Aperture: A really really simple explanation (I hope) :)

Services for Real Estate Pros with Bryce Mohan Photography

It seems like Aperture is one of those things that is perpetually confusing to people (I base this in part because it took me so dang long to feel like I really had a handle on it)!

Of course, it's also one of the most important concepts to understand when working with a imaging device (like a camera), so it's worth a little investigating. 

What is Aperature?

  • The aperture is (simply put) the size of the opening in a given lens.
  • It controlls how much light the lens allows in
  • Most aperatures are mechanical devices that vary in size (in other words they can open wider or close down smaller to let more or less light in)
  • Every single lens has an aperture (simple lenses like the lensbaby have a fixed aperture system)
  • Aperture settings are generally referred to as 'f-stops', you will usually see this as f/2.8 (for example where 2.8 is the size of the opening) or even just 2.8 to those in familiar with the lingo
  • Even your eye has an aperture (the pupil)! It varies from around f/2.1-f/8.3

Here's the tricky thing (oh, now he tells us it's going to get tricky): 

Changing the size of the aperture affects multiple aspects of a photograph (some dramatically!): 

  1. One of the most obvious changes that result from fooling around with your aperture setting is the Depth of Field. (DOF) If the aperture is very small...there will be a large amount of depth. If the aperture is very large there will be a small amount of depth. Got that? Small ap. = big depth, big ap. = small depth.
  2. If that wasn't enough to worry about changing the size literally affects how much light comes in so...you guessed it...you are changing your exposure as well. Small ap. = only a little light in (slow, takes longer to expose), large ap. = lots of light quickly (fast, shorter exposure).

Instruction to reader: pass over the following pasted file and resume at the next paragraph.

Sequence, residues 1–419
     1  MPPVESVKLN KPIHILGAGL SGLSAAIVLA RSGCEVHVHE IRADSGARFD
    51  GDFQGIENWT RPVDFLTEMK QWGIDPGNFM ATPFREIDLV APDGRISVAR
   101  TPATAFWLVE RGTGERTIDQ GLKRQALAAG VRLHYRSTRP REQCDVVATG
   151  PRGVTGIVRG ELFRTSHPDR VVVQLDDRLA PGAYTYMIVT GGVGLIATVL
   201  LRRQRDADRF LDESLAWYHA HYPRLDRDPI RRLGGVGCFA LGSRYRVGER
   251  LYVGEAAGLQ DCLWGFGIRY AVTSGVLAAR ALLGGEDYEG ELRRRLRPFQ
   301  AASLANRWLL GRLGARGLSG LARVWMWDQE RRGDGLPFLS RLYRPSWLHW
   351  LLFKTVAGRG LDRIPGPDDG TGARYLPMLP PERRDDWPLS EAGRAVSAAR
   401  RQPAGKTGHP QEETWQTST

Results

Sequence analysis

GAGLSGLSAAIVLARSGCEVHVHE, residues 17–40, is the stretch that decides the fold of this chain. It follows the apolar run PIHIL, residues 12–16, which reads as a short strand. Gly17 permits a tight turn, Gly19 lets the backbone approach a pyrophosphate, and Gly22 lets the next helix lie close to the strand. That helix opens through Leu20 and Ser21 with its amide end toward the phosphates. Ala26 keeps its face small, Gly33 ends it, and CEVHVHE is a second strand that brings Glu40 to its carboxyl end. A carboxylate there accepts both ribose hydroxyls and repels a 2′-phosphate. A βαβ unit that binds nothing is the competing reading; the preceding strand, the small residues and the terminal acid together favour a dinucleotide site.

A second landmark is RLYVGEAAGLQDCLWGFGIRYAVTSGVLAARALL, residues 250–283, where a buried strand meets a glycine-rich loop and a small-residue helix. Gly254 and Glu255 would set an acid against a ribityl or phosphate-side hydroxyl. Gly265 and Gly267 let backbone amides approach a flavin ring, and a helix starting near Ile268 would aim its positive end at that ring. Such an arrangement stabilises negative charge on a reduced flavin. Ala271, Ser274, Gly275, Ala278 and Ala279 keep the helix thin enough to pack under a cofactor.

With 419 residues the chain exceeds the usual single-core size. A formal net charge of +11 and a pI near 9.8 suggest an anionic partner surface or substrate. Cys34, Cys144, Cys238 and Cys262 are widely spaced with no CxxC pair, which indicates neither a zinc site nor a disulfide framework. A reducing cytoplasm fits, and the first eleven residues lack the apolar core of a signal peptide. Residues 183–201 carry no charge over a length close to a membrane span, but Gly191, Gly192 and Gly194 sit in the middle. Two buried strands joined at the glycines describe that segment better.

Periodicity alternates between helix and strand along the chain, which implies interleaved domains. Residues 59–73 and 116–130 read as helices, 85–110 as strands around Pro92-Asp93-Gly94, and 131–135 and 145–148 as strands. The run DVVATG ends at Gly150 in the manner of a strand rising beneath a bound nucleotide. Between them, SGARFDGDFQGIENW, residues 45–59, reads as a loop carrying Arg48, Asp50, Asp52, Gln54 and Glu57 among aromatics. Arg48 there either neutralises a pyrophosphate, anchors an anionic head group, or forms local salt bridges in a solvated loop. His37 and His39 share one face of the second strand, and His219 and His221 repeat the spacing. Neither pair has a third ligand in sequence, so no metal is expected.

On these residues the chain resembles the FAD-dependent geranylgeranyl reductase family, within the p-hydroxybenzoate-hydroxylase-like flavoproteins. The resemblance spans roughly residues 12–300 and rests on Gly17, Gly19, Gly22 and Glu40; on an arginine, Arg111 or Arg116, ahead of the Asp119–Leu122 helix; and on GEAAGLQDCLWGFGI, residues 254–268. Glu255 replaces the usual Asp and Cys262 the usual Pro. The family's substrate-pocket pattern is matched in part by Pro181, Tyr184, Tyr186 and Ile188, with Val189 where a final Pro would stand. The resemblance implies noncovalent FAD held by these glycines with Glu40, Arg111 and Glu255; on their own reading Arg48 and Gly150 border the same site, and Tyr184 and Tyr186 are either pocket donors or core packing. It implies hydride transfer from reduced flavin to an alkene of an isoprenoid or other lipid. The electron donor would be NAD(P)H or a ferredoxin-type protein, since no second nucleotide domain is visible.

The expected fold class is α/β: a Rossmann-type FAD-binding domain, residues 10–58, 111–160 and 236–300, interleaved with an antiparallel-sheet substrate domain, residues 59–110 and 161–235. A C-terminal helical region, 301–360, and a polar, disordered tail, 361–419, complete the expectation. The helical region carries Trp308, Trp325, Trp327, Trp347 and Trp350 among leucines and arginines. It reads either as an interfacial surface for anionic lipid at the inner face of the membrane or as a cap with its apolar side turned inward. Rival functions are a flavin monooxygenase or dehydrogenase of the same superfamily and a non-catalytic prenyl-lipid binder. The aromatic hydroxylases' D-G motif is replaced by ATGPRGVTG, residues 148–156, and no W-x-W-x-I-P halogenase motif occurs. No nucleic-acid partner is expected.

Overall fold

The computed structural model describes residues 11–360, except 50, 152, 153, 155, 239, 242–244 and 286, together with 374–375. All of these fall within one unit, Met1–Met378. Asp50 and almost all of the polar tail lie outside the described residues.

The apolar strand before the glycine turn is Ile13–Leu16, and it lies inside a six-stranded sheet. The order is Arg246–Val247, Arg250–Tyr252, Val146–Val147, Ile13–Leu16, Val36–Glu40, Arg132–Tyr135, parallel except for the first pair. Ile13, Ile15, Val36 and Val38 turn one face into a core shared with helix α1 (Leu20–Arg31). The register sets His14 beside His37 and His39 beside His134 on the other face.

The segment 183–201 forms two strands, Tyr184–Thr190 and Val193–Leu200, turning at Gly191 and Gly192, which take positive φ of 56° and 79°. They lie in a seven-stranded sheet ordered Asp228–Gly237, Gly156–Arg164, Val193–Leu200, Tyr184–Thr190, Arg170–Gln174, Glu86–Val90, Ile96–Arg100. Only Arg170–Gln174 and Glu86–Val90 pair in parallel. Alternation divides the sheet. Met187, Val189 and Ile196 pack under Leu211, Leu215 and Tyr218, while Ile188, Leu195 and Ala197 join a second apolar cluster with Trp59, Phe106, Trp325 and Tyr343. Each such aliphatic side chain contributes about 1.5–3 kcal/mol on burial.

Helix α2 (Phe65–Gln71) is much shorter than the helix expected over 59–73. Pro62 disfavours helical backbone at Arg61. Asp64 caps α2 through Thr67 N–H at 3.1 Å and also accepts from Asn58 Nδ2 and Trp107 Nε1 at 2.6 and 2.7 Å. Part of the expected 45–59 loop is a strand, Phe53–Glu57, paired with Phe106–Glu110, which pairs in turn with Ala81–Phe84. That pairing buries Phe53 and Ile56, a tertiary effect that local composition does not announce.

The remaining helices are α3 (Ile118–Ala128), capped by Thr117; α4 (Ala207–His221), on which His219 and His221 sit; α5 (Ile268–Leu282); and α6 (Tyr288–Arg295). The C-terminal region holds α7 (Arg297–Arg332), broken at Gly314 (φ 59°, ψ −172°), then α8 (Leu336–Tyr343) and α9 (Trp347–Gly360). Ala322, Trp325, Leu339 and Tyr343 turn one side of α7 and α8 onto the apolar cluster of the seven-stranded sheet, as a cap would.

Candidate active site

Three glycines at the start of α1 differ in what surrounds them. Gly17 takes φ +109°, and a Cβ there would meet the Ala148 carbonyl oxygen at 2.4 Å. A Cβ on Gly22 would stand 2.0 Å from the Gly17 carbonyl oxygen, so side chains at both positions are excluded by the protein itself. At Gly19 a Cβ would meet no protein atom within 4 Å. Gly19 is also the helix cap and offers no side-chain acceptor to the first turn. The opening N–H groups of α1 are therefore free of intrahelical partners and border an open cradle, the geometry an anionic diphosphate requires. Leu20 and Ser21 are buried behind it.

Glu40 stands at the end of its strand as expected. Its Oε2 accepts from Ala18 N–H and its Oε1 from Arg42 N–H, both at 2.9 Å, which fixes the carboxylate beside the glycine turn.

3. If that wasn't enough...aperture will also influence various types of visual distortion - most lenses have a 'sweet spot' where at a certain aperture the lens will be most sharp and claer with the fewest possible abberations.

So let's look at a quick example of some different settings and how they impact an image:

FYI, these were shot at 85mm and they've all had the exact same post processing which is to say, virtually none.



Ok, so here is our first image. Please forgive the setup, it worked in a pinch (let me just thank my 3 year old son for the props).

The focal point is set squarely on the little blond girl (maybe blonds do have more fun?)

This was shot at f/22 (aperture) and it required a 2 second exposure.

At f/22 we should have a pretty big depth of field right? And we do...we can see all the toys pretty well (the dino is a bit soft) but it did take a pretty long exposure (2 seconds!). Nothing we could handhold.






Here we go with our second shot.

This was shot at f/16 (aperture) and it required a 0.8 second exposure.

Hmm, that's pretty interesting...look at how much the exposure time dropped.

However, do you also notice we've lost a bit of depth? Look at the dino now. He's starting to look plain blurry.






For our third shot we can really start to see some changes.

This was shot at f/8 (aperture) and it required a 1/5th of a second exposure.

We have another dramatic drop in exposure time.

How about our depth? Dino is looking like a Monet, and the girl in the pink dress is blurry also. You can see the forward edge of the table is fading as well as the far side of the monitor.






Wow, there's not much that is very sharp now. I bet we are getting some very fast exposure times now. Let's take a look.

This was shot at f/4 (aperture) and it required a 1/20th of a second exposure.

This image took 40 times less exposure time than the first one!

We are really narrowing that depth.






Almost done.

Blondy is still looking very clear, but tigger and cow are suffering a little. Dino is long gone.

This was shot at f/2.8 (aperture) and it required a 1/40th of a second exposure.

Notice how the heads of the two toys behind dino are sort of 'pushing up' against the top of the keyboard? If you check the first image they aren't even close! I don't have time here to cover this in depth but very narrow DOF shots allow light to bend and distort in some unusual ways.






Ok, last shot.

Only the little girl remains sharp. You might notice a little section of the keyboard also is sharp...it's exactly in line with where the girl is in relation to the film (sensor) plane.

This was shot at f/1.8 (aperture) and it required a 1/100th of a second exposure.

200 times faster than the first shot!






Final Notes:

  • The shape of the aperture (typically the number of blades) determines precisely how the out of focus area will look.
  • A higher number of blades (more expensive, more complex) will lead to smoother, more natural looking out of focus blur
  • Lenses that can open their aperture very wide are usually called 'fast lenses'